When I decide to write about something that happened to me, I usually wait a week before putting too much down on paper. The delay gives time for the cream to rise to the top, so to speak. The big things get bigger and the smaller unimportant things fade into obscurity as though they never happened. It’s a good way to keep an eye on the bigger picture, and gain an understanding for a larger story, the larger conflict. This was my trouble in composing a write-up for the 2013 Ithaca Skate Jam hosted by Comet Skateboards in Ithaca NY. There was no conflict, and unfortunately, with no conflict, there is no story.
The more mature of us skaters typically have a way of shrugging off the excess buffoonery associated with the savages of the skateboarding kind. But, no matter where we go, there are the unavoidable haunts consequential to our kind of anarchy. There’s always someone who rubs someone in all the wrong ways, there’s always someone who tries to take something that isn’t theirs, and there is always someone who finds a way to hold a grudge, pick a fight, or destroy something precious.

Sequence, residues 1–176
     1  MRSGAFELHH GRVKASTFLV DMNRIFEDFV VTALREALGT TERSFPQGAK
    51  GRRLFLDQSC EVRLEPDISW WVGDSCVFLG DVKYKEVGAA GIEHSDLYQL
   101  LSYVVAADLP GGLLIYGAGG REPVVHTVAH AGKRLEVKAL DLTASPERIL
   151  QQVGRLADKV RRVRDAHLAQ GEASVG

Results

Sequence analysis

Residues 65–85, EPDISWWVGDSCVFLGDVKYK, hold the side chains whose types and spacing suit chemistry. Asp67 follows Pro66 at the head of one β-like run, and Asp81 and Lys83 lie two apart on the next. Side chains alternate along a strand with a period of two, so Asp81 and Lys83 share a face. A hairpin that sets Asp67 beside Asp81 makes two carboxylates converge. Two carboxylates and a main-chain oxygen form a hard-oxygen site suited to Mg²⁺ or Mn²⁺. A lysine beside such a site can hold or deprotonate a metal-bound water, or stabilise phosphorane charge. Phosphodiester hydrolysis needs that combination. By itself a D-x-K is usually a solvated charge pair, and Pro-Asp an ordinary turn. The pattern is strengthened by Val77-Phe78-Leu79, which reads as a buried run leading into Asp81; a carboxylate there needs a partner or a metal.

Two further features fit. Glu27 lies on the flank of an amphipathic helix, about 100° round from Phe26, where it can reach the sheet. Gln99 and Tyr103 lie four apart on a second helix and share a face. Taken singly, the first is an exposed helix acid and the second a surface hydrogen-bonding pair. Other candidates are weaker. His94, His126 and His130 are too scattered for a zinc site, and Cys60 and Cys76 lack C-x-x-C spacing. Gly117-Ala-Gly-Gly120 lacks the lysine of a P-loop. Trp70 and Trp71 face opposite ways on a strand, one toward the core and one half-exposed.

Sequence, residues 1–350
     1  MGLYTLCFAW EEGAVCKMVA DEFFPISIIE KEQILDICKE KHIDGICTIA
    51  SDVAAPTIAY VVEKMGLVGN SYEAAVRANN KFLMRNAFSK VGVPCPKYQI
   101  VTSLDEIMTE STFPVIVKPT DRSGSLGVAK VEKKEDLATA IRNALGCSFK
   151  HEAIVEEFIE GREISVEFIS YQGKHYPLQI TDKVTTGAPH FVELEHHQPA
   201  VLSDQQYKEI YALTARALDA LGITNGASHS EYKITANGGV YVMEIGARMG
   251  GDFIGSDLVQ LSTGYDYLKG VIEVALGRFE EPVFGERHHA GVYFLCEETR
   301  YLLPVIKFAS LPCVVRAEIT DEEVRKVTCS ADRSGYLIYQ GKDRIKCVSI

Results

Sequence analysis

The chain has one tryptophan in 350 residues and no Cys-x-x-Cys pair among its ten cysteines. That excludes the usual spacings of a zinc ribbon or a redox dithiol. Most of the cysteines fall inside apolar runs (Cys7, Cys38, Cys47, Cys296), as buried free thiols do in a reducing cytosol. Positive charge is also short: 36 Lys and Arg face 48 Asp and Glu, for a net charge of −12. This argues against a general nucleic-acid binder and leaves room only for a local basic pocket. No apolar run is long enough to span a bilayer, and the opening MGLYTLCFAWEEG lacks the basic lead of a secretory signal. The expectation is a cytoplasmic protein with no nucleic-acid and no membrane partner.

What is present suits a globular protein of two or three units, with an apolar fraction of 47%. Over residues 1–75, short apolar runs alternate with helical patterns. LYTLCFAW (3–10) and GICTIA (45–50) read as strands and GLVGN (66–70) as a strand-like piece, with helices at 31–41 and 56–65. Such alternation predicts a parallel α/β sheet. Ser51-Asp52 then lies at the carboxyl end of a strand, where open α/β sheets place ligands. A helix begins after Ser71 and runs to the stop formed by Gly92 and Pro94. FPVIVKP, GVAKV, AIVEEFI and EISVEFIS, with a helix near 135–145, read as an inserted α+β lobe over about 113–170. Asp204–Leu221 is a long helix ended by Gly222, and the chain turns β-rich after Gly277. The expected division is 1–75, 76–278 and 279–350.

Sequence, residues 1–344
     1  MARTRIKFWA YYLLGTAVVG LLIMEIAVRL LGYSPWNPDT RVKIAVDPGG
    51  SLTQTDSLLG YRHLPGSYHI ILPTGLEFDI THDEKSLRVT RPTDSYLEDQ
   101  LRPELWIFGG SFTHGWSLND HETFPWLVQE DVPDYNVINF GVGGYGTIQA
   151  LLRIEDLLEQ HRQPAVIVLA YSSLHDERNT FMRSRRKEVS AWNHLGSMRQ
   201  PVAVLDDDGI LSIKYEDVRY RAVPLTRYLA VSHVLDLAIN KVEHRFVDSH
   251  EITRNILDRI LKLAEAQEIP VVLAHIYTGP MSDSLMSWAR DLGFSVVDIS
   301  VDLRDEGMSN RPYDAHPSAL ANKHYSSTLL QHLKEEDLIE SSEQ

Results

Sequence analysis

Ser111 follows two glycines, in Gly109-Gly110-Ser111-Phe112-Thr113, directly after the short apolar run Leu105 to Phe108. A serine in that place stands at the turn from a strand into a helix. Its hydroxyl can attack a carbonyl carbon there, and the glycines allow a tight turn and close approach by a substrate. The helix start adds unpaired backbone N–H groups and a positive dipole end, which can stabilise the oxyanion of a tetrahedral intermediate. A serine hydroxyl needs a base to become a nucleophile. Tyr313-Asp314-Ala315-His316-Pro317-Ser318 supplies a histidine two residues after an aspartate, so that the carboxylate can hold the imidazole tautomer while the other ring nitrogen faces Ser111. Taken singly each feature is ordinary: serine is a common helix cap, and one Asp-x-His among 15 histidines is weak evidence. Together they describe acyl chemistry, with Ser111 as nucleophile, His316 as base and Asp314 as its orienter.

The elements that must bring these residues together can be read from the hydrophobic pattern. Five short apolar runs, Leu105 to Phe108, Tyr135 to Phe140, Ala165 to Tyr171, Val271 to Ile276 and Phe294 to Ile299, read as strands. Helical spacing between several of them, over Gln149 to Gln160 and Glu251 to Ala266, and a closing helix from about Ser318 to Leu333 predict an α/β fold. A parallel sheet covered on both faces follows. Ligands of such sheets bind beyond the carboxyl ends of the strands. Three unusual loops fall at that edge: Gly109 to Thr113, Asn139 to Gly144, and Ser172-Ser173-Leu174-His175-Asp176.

Maybe not anymore. Maybe it’s ok to have faith in the human race again.
For those of you who don’t know Jason Salfi, you should try to. I had two conversations with him over the weekend, both of which lasted for less than fifteen seconds, and still the guy managed to make an impression. He speaks softly and carries a big stick complete with calibers and volantes. He barrels downhill with stillness. His skate-face is one of serenity, and with his helmet rattling around on his balding head, he looks like the world’s gnarliest Hari Krishna coming to blast your face off with a spontaneous fistful of nirvana. Gently.
Jason opened this year’s event by telling over the megaphone a short anecdote about the day he met with the city council to petition the sanction of this year’s jam. From his retelling, he went in expecting to have to put his foot down and talk numbers, and throw in a few politic buzzwords like “freedom” and “murrica”, maybe plead a little and suck up a lot. Apparently, though, he didn’t have to do shit. A council member started the meeting by telling Jason what a huge risk they had taken in allowing the 2012 event, and how glad they were that they had. That’s what happens when you do your job right.
Anyone who has hosted any kind of event, big or small, knows the inherent headaches of involving sponsors, pushing paperwork, pacifying locals and dealing with countless unforeseen jam day catastrophes. To have a locale not only condone a jam in the same place twice, let alone invite it is a rarity demanding of respect. I guess Mr. Salfi really knows how to cross his T’s and dot his I’s.